Ant colonies > Internal structure of ants > Olfactory and Gustatory Sensillae

Olfactory and Gustatory Sensillae

Olfactory and Gustatory Sensillae

It seems to be impossible to distinguish between these organs in insects, although it may be asserted that the organs of smell are situated mainly or exclusively on the antennae, whereas, those of taste are found on the mouth-parts, espe­cially on the maxilloe and labium and their paipi. The antennary sensillae of ants have been studied by Hicks (1859), Leydig (1860), Forel (1874, I884), Lubbock (1877), Kraepelin (1883), and more recently by Krause 0907). From the researches of these authors it appears that in addition to numerous tactile hairs like those described above, there are four more modified types of sensillae which have been more or less definitely connected with an olfactory function. These do

FIG. 32. Subdiagrammatic section of the antennal sense-organs of an ant. (Kraepelin.) a, Basiconic sensilla; b, trichodeal sensilla, or tactile hair; c, coeloconic sensilla ; d, ampullaceous sensilla ; f, flask-shaped sensilla ; g and Iti, openings of same on surface of antenna; i, gland cells; k, chitinous integument.

not occur on the scape and first funicular joint of the antennae, but only on the remaining joints and especially on the enlarged terminal joint, which possesses by far the greatest number of all the various sensillae. The following is a very brief description of these extra­ordinary structures:

(a) Clubs of Foyel (now called basiconic sensillae by Berlese)

­These resemble the tactile hairs, but are conical and immovable at the base and their chltlllotls investment is exceedingly thin (Fig. 32, a).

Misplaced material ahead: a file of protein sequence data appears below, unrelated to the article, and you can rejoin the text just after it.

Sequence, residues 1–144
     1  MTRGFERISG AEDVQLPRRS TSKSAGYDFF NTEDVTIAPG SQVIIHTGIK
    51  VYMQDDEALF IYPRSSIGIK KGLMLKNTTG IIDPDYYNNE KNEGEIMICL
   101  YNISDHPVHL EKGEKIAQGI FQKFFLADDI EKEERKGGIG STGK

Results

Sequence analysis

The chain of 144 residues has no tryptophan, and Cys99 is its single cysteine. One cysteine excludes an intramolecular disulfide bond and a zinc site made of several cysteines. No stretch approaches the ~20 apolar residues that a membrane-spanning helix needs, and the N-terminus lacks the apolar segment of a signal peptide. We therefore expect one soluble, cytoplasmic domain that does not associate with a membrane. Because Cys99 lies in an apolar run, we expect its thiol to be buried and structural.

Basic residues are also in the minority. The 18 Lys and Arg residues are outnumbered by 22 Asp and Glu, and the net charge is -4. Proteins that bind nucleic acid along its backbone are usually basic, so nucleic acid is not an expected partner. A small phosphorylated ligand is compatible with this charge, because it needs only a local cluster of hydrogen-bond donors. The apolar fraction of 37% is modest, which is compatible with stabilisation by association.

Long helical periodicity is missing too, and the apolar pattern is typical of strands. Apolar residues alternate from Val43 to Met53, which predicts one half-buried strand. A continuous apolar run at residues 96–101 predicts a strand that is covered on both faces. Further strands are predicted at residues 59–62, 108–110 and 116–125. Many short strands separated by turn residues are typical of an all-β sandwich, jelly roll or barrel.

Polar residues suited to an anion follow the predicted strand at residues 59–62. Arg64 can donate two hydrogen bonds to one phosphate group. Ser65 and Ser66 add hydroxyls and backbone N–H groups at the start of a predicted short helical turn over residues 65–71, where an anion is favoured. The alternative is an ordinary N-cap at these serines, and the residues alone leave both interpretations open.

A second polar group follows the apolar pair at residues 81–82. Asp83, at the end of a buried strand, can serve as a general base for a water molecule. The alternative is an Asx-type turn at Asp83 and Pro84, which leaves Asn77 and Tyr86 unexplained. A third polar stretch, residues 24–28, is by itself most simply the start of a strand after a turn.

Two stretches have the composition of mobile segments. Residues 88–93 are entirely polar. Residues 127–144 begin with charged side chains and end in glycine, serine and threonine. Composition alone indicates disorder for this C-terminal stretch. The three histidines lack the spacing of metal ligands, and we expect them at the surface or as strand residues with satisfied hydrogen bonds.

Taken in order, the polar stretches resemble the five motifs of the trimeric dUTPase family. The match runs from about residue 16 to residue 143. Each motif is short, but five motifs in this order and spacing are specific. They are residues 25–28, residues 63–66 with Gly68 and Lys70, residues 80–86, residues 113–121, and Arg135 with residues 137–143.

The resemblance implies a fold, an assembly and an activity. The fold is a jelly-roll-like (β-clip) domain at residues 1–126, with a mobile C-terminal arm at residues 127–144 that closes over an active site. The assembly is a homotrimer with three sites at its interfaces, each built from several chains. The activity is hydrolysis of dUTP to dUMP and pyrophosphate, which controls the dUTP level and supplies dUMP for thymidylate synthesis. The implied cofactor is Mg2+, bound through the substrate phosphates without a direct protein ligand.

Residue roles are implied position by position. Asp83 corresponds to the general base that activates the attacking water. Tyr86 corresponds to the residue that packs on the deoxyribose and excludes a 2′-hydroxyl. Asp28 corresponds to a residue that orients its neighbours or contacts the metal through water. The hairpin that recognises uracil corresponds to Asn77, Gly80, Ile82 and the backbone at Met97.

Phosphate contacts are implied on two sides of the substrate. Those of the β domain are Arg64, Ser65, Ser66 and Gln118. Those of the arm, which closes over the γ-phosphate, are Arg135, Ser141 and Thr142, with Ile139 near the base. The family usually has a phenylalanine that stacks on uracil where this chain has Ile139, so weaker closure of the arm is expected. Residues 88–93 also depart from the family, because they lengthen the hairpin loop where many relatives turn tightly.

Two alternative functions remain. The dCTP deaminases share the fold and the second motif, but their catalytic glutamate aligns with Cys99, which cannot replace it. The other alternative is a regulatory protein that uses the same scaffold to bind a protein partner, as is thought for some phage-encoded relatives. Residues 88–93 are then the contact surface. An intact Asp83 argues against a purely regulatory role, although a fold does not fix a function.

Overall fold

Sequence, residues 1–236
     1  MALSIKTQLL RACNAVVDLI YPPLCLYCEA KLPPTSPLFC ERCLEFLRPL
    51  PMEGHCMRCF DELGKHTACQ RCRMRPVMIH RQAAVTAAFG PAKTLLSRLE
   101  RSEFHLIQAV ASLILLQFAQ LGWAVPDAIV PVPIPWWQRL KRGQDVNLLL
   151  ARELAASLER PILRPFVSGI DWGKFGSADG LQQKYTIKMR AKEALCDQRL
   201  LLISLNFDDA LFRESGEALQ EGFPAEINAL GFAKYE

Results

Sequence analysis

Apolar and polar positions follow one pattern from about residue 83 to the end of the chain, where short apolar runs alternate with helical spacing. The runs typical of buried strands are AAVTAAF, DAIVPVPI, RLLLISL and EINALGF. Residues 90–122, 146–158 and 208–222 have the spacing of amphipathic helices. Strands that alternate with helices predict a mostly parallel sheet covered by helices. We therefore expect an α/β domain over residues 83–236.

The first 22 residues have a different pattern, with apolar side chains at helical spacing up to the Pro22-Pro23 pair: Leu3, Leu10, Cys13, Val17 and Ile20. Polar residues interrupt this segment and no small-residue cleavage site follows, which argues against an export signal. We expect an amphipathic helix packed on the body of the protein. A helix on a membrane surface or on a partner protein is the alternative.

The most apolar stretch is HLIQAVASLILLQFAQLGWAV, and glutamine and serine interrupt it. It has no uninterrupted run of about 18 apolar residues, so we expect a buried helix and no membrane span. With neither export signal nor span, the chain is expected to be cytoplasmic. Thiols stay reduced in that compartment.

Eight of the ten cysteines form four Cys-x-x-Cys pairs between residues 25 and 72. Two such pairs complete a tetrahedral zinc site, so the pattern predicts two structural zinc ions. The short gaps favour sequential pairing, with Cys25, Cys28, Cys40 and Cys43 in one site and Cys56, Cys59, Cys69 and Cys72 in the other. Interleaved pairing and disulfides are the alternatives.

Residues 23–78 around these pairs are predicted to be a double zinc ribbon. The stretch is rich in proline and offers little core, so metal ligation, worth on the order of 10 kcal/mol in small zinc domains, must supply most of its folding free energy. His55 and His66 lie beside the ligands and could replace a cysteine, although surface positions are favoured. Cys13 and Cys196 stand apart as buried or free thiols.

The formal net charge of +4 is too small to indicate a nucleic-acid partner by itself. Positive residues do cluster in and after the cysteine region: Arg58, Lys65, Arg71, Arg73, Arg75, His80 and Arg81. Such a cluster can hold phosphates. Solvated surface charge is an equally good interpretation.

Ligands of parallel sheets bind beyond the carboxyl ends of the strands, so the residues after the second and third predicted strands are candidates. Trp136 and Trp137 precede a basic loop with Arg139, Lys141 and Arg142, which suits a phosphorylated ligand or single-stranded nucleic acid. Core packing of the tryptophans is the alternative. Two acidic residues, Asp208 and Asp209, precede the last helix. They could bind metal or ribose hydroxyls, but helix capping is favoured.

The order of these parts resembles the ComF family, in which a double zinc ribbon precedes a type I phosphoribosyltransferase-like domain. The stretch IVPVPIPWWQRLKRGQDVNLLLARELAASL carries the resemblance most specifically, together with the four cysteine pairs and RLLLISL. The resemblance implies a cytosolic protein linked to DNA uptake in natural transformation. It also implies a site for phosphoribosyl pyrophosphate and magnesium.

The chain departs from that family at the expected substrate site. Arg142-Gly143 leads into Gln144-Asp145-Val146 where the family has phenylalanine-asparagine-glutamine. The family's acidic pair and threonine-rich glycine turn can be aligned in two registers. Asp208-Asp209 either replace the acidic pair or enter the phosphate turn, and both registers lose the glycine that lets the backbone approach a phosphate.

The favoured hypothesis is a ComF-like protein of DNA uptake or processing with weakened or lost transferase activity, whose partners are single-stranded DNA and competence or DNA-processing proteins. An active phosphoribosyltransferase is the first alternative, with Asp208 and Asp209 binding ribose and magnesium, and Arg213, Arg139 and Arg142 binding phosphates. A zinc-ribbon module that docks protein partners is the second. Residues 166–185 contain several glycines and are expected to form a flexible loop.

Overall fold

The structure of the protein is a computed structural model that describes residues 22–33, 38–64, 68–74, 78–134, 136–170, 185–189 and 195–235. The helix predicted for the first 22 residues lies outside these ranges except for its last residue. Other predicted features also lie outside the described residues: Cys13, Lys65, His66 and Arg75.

What corresponds to the cavity of the hair contains a dense bundle of delicate protoplasmic threads, which are prolongations from as many large elliptical cells situated in the hypodermis. These cells form a compact mass, formerly supposed to be a ganglion, but now interpreted as a cluster of unicellular glands that secrete a liquid through the thin chitinous cap of the organ onto the surface of the antennae.

It is, indeed, difficult to conceive such sensillae as having an olfactory function unless their exposed surfaces are moist like the olfactory organs in the mucous membranes of vertebrates. The nerve termina­tion to the basiconic sensillae applies itself to the cluster of gland cells and then breaks up into delicate branches that pass around and between the latter and up into the conical portion of the organ.

(b) Clubs Lying in Elliptical Pits ( coeloconic sensillae of Berlese )

These may be derived from the preceding type by supposing that the conical hair has come to lie horizontally and to be' enclosed in an elon­gated cavity in the chitinous integument (Fig. 32,c). The cellular structure of the organ is essentially the same as that of the basiconic sensillae.

(c) Champagne-cork Organs of Forel (ampullaceous sensillae of Berlese)

These evidently represent a further modification of the ceeloconic type, on the supposition that the hair becomes smaller and more erect and the pit in which it is enclosed becomes circular, much deeper and opens on the surface of the body by means of a small pore (Fig. 32,d).

(d) Flask-shaped Organs of Lubbock and Forel.

Hicks (1859) was the first to describe these extraordinary organs in Myrnnica, but Forel and Kraepelin have given a more detailed account of their struc­ture. They are really an extreme form of the ampullaceotis sensilla, and may be derived from this by supposing that the chitinous ampulla has become enormously lengthened and attenuated till it forms a narrow sac enclosing the conical hair and connected with the pore in the integu­ment by means of a slender tube running more or less parallel with the surface of the antenna (Fig. 32, g, .h ) . That these sensillae have devel­oped from those of the preceding type (c) is shown by the existence of transitional forms both in ants and in other Hymenoptera. The cellular portions of all these forms of ampullaceous sensillae are essen­tially the same as those of types a and b.

The gustatory sensillae, situated on the mouth-parts and including those in the terminal joints of the palpi, though resembling the anten­nary sensillae, in general reproduce only the more primitive of the above-lletitioned types, that is, those most like the typical tactile and basiconic sensillae. The more specialized ampullaceous types are found only in the antennae.